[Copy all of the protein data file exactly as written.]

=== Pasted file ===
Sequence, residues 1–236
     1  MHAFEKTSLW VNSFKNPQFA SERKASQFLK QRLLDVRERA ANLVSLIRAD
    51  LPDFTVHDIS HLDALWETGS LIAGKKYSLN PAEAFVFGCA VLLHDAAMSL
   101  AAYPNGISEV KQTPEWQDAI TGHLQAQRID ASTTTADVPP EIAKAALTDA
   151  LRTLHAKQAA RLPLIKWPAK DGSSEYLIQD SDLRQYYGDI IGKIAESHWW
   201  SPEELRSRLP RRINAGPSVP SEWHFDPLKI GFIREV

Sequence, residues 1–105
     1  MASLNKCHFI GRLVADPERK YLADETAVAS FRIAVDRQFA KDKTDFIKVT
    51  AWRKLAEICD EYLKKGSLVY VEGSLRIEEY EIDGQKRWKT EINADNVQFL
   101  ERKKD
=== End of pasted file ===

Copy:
Sequence, residues 1–236
     1  MHAFEKTSLW VNSFKNPQFA SERKASQFLK QRLLDVRERA ANLVSLIRAD
    51  LPDFTVHDIS HLDALWETGS LIAGKKYSLN PAEAFVFGCA VLLHDAAMSL
   101  AAYPNGISEV KQTPEWQDAI TGHLQAQRID ASTTTADVPP EIAKAALTDA
   151  LRTLHAKQAA RLPLIKWPAK DGSSEYLIQD SDLRQYYGDI IGKIAESHWW
   201  SPEELRSRLP RRINAGPSVP SEWHFDPLKI GFIREV

Sequence, residues 1–105
     1  MASLNKCHFI GRLVADPERK YLADETAVAS FRIAVDRQFA KDKTDFIKVT
    51  AWRKLAEICD EYLKKGSLVY VEGSLRIEEY EIDGQKRWKT EINADNVQFL
   101  ERKKD